“People suffering from bipolar disorders tend to go overboard and shop a lot, during their manic stage. However, during the depressive stage, the bills from binge shopping drive them deeper into depression,” says Dr Arunita Biswas, Consultant Psychologist, Columbia Asia Hospital, Whitefield.
When people are happy, they usually spend on sharing or celebrating happiness. Saima Gaziani, Founder & CEO, PRaxis Media opines, “Shopping is more fun when I am happy. I am in no rush to buy whatever I lay my hand on. I tend to be relaxed and look at more options.”
Shopping is usually a way to uplift the mood when one is sad. Amisha Sethi, a Happiness Coach, says, “Once I was at a mall with a friend who was extremely sad. I saw her going crazy on desserts and binge shopping. Not sure if all this did any good to her mood in the long run but certainly, at the end of the shopping spree, she sounded far better.”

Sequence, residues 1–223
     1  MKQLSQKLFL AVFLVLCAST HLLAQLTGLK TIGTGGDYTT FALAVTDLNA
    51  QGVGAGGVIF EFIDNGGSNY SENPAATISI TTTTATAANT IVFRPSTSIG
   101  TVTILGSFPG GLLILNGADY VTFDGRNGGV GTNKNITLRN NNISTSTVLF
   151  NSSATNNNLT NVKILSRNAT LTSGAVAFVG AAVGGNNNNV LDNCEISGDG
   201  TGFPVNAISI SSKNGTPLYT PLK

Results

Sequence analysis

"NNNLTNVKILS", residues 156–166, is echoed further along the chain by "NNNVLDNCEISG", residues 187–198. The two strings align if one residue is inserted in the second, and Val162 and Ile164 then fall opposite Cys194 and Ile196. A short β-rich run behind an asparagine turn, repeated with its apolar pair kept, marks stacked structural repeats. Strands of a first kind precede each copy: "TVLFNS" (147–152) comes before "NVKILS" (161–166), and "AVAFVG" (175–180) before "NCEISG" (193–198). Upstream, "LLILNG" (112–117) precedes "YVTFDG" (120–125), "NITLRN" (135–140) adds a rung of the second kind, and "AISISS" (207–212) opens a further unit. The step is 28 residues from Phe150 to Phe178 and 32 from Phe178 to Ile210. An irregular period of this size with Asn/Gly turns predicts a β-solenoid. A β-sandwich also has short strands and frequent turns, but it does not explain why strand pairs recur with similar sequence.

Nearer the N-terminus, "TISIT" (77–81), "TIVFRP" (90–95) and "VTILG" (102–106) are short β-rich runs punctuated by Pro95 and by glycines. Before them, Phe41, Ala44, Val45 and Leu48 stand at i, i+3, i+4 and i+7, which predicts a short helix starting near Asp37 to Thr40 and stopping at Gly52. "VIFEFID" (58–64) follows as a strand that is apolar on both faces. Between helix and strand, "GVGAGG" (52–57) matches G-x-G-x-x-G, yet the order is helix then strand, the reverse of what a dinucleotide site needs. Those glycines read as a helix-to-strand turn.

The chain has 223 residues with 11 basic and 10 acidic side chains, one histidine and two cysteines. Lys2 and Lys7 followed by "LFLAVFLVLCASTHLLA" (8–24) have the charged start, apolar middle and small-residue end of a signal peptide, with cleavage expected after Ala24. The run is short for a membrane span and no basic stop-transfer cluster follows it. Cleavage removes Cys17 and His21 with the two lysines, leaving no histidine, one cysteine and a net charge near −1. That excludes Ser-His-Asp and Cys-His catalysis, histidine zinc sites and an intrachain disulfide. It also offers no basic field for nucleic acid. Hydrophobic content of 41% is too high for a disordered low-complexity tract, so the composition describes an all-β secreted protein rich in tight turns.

In anger, people want to have control over circumstances, and impulsive shopping gives them a sense of control, which is otherwise difficult to achieve.
“Self-regulation is the best way to regulate our desires and commit to our goals. We should control our actions when we are emotionally charged. Learn how to face our problems instead of running from them,” concludes Nishima Agarwal, Co-Founder, CurrencyKart.com.